But this article specifically targets chocolate – we cannot speak specifically as to why, however we can speculate: Chocolate is a beloved product with a passionate following that will certainly generate more “buzz” on the topic than the other items listed above.
However, rest assured that chocolate continues to be a decadent, luxurious treat with known health benefits when enjoyed in moderation. Like all dietary decisions, learn the facts and decide what is best for you.
Chocolate can and should remain safely on your list of specialty foods for culinary and snacking enjoyment!
THE HUMAN BODY & ITS BUILT-IN TOOLS
Now, we are not saying cadmium does not have an ill-effect in high doses.
The NIH states, “Due to the chronic nature of dietary Cd exposure, combined with the long half-life of Cd in the human body, Cd can accumulate in multiple tissue types, contributing to the development of cancer, kidney dysfunction, cardiovascular disease, reproductive dysfunction, diabetes, osteoporosis, and increased mortality.”
However, the human body would have to surpass NOEL-defined intake, of which MADL is 1000x less than, of which CR is basing their “report” on.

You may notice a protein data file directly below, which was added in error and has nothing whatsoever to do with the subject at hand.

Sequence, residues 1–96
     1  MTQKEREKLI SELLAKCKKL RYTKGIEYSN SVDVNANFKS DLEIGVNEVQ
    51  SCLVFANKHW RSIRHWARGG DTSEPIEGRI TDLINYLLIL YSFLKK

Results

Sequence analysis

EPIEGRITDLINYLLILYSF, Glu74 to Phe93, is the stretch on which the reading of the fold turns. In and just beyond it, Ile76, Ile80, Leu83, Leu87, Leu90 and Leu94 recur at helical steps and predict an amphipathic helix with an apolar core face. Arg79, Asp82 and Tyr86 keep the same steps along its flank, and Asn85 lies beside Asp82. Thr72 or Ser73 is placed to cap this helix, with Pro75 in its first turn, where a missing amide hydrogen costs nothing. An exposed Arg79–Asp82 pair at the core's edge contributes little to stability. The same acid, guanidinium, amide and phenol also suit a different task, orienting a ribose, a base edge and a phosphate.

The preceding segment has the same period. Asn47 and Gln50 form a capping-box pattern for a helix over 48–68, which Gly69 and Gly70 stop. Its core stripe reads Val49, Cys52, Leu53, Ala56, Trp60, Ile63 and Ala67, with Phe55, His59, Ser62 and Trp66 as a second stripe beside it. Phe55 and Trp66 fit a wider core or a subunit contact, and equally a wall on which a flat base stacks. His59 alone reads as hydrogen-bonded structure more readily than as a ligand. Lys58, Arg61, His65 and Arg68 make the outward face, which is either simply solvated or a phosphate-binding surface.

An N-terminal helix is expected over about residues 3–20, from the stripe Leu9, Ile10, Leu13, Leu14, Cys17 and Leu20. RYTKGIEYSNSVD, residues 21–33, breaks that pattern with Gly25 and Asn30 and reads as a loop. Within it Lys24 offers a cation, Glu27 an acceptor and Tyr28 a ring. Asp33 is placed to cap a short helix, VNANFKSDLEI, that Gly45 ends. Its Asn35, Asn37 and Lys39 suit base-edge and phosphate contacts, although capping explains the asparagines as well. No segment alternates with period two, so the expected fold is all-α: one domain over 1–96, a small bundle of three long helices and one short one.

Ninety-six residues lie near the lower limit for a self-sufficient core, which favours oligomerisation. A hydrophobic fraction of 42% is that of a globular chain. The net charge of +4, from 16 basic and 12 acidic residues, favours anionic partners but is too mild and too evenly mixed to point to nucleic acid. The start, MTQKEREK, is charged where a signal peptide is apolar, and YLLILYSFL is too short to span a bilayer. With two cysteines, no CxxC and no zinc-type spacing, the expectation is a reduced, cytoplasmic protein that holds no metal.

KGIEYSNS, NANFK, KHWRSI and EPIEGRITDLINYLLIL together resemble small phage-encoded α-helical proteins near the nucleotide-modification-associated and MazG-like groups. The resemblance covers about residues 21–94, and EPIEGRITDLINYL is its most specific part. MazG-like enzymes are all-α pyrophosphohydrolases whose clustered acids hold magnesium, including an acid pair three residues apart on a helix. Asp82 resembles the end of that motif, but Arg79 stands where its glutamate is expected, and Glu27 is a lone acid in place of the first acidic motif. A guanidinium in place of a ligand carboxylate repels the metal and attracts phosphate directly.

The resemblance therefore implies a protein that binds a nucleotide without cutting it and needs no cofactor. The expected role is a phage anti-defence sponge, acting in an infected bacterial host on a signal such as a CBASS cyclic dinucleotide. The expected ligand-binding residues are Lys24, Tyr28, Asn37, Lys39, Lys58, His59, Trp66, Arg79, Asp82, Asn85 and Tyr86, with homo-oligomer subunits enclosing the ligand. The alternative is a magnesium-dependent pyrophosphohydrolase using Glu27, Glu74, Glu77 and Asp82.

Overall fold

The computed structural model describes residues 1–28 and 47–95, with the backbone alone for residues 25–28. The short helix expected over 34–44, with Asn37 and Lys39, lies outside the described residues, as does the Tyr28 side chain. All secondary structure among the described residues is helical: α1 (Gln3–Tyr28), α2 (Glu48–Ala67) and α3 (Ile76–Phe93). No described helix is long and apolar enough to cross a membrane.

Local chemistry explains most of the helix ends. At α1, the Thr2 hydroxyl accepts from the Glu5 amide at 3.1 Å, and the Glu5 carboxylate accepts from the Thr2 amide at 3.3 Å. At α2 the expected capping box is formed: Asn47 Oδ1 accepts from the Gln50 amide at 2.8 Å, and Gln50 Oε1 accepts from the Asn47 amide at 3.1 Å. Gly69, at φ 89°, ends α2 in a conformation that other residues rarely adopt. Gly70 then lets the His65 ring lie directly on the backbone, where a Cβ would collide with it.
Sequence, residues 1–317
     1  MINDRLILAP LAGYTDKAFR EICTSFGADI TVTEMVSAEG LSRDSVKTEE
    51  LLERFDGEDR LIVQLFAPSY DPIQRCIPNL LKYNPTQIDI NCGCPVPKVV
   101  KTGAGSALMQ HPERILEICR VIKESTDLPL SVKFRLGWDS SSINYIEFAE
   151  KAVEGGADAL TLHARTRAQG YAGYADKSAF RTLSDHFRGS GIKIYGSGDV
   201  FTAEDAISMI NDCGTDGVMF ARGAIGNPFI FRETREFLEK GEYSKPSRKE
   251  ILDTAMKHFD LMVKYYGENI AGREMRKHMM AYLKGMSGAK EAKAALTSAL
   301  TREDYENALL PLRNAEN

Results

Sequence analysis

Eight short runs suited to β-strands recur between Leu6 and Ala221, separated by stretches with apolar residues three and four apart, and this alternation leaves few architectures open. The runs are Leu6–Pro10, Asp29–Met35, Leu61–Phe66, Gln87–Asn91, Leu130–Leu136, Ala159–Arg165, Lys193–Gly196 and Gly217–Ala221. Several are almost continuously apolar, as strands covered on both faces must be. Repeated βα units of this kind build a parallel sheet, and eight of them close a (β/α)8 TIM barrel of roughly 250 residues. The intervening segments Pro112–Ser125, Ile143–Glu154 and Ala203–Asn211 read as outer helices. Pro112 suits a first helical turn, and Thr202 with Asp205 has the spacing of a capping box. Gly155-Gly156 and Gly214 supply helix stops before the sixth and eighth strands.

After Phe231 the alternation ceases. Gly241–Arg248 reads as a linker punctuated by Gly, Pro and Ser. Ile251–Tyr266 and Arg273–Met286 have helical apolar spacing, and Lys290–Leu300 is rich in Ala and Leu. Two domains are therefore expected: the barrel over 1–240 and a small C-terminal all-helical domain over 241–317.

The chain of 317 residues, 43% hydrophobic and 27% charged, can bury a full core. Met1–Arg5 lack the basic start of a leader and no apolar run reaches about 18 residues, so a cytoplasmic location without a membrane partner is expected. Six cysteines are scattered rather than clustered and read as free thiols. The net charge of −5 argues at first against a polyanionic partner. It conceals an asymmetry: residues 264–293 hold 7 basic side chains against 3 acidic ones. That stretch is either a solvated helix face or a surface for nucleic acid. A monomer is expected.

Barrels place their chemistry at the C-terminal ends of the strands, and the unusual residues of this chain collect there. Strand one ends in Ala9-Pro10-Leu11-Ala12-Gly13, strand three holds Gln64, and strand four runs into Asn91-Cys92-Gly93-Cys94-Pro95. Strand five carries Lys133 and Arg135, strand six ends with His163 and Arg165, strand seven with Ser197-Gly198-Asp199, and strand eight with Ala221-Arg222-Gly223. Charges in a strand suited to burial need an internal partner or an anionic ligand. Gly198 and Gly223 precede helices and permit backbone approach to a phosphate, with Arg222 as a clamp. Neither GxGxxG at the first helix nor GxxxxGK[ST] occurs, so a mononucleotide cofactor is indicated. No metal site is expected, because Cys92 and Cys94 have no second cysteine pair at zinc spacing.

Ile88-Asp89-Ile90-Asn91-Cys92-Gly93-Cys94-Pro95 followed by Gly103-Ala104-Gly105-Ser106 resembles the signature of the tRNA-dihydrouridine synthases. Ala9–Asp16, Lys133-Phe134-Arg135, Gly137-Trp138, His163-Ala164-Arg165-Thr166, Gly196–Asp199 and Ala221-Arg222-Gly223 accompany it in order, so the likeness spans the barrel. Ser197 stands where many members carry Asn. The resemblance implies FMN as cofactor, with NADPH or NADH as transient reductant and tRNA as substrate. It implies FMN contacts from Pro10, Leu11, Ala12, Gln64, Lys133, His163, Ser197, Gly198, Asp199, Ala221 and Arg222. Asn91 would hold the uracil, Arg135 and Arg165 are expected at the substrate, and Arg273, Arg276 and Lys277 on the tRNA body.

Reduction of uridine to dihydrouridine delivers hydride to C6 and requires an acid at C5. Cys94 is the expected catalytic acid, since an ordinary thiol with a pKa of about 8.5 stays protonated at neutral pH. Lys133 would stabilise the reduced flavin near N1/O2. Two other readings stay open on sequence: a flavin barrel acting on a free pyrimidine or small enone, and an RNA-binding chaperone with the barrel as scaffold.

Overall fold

CR also fails to mention the human body’s natural cleansing agents to assist in the body expelling cadmium.
Zinc, Magnesium and Selenium are minerals of which help reduce the toxicity of cadmium in the human body, and these are substantially present in cocoa.
This report in no way should affect your perception of or your actual consumption of chocolate.
The NIH links in this post are the same which are used in the CR piece – but CR cherry-picked specific quotes which work for their anti-chocolate argument.
Why is CR using MADL as their baseline instead of NOEL? This is a good question – if they used NOEL in the report, all levels in their baseline would be 900x+ higher than what they used, and there would be no article to write, as all detected levels are 900x or less than the NOEL baseline.
If you multiply the levels of cadmium and lead in CR’s findings by 1,000x, the majority bars in the “report” are still below acceptable NOEL levels (which are levels that show no ill effects).
What does this translate to?
A consumer could [try to] eat 900x of any chocolate bar listed in the CR report, in one sitting, and still have no ill-effect from cadmium or lead (but you may feel sick afterwards from all the sugar!)
We even saw Prop 65 increase their MADL baseline levels in the past, as they are arbitrarily set, who is to say this won’t happen again?
NOEL is the baseline to actually use in analyzing findings, and there is no concern despite the “scare for sport” content being posted about chocolate.
To keep in mind: writing this, we are not food scientists, but the folks coming up with NOEL data are NIH and the FDA, who are food scientists (all sources linked below). The folks coming up with MADL take NOEL and divide it by 1,000, arbitrarily.
Trust data – not agenda-driven report findings.
Written by: Rob Delaney